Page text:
Others’ Opinion: MNsure on verge of big test

Published 9:47 am Tuesday, September 30, 2014

—The St. Cloud Times

This could well be the week Minnesotans begin to see just how much MNsure — the state’s health insurance exchange — has changed after its first year of operations.

How so? MNsure officials have indicated they expect to release the new insurance rates in early October, which starts Wednesday.

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Those rates, which last year ended up being among the lowest in the nation, already face a serious test with the recent news from insurance provider PreferredOne that it would drop out of MNsure for 2015.

As media reports since that Sept. 16 announcement have stated, of the five companies that sold through the exchange last year, PreferredOne offered the lowest prices. Even though it was smaller than the other companies — Blue Cross and Blue Shield of Minnesota, HealthPartners, Medica and UCare — it attracted the largest number of consumers buying private plans.

Logic dictates PreferredOne’s low prices were a huge factor in that attraction. Of course, logic also dictates PreferredOne probably is leaving the exchange because that strategy failed to make (enough?) money for the company, which has a network of more than 10,000 physicians, hospitals and clinics across the Upper Midwest.

(Don’t look now MNsure critics, but that almost seems like what happens in a free market.)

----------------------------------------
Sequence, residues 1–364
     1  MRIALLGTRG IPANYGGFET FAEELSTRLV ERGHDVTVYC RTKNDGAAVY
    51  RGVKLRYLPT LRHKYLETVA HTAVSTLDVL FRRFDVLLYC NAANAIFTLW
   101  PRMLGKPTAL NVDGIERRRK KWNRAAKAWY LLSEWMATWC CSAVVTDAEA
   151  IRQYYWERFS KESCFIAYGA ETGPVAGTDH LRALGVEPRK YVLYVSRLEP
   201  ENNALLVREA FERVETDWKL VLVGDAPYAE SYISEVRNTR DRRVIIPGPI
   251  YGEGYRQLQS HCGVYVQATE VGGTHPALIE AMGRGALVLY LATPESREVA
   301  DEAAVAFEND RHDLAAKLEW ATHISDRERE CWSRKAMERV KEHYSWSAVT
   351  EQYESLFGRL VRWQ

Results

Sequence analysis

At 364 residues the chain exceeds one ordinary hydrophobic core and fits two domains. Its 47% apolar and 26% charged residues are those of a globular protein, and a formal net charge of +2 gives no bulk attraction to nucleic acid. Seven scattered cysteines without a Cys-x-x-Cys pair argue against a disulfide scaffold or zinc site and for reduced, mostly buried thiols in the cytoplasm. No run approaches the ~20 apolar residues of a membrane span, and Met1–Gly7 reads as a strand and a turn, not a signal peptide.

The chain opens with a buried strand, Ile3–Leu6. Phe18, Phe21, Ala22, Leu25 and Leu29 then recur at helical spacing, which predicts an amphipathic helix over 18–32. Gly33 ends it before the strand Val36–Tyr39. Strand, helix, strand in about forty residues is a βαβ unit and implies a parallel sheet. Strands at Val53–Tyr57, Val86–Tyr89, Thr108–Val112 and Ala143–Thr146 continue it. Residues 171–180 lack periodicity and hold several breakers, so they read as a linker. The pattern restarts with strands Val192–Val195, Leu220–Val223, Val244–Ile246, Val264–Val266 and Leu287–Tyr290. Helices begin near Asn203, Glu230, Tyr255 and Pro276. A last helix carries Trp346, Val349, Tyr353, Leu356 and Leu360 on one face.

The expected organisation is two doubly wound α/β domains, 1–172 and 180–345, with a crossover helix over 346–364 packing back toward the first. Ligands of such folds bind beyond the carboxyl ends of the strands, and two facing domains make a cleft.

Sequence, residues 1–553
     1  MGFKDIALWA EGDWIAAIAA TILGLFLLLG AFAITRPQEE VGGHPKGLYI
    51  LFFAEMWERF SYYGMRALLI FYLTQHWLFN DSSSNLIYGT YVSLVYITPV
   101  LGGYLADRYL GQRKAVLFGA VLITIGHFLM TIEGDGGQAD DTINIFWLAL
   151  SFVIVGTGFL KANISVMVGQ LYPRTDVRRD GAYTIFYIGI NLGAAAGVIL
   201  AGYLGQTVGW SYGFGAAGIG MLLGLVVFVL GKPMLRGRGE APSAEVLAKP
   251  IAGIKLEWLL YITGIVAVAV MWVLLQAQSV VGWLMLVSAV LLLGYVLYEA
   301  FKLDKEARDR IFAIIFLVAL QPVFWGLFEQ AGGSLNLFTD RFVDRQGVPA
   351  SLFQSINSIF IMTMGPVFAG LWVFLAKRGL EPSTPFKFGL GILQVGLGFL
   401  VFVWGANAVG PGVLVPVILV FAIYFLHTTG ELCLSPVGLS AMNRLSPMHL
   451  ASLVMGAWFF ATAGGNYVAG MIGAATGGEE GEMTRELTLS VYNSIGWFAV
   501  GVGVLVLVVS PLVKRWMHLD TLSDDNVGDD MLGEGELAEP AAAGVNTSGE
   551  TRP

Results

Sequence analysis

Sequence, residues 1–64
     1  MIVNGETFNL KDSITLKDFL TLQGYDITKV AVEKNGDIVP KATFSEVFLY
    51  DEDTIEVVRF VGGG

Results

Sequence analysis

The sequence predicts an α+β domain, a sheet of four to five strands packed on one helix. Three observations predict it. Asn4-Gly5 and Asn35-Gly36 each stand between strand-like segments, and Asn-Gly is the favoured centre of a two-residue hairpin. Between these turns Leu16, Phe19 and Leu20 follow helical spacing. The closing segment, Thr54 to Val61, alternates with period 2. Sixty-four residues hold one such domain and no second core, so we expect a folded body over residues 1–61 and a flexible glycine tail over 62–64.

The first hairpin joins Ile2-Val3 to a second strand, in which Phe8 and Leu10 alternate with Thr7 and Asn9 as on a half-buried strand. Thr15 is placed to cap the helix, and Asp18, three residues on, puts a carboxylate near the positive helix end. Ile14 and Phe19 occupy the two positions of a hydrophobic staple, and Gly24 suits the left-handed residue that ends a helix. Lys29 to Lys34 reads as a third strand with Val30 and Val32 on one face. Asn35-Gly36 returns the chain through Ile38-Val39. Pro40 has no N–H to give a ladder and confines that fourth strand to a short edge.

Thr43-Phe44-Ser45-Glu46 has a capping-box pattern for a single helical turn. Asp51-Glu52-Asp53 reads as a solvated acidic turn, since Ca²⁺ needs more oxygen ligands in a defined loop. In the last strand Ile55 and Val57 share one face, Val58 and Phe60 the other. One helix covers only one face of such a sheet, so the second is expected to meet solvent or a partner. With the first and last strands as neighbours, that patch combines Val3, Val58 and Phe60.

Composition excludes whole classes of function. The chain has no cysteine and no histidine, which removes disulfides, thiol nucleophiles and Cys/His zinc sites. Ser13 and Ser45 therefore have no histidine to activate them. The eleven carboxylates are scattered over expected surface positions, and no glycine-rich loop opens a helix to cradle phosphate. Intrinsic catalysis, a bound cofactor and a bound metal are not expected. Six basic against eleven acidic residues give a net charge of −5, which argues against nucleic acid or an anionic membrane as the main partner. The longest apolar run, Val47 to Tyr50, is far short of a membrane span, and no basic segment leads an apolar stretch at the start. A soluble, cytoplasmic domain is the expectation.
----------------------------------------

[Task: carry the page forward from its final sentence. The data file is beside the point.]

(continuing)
On a more serious note, the move certainly poses a number of questions.

Among them are what will happen to the 24,000 to 30,000 consumers who bought PreferredOne coverage last year through MNsure? Will they return to the exchange for options or perhaps keep their coverage even if it means paying a higher price outside the exchange?

Similarly, how will PreferredOne’s departure affect rates from the remaining four companies? While the state has influence over what is offered, losing the low bidder would seem to raise the odds of rates increasing sooner than later.

And finally, looming over all that uncertainty are lingering questions about whether MNsure’s website has been fixed so that Year 2 enrollment efforts won’t see a repeat of the multiple technical disasters that plagued its debut.

Without a doubt, the rollout of MNsure bordered on a debacle. As bad as it was, though, there is no denying Minnesota’s exchange offered some of the lowest rates nationwide and ultimately reduced the state’s ranks of the uninsured by about 40 percent.

Making similar gains without exorbitant rate hikes in 2015 would be a good sign.

Distributed by MCT Information Services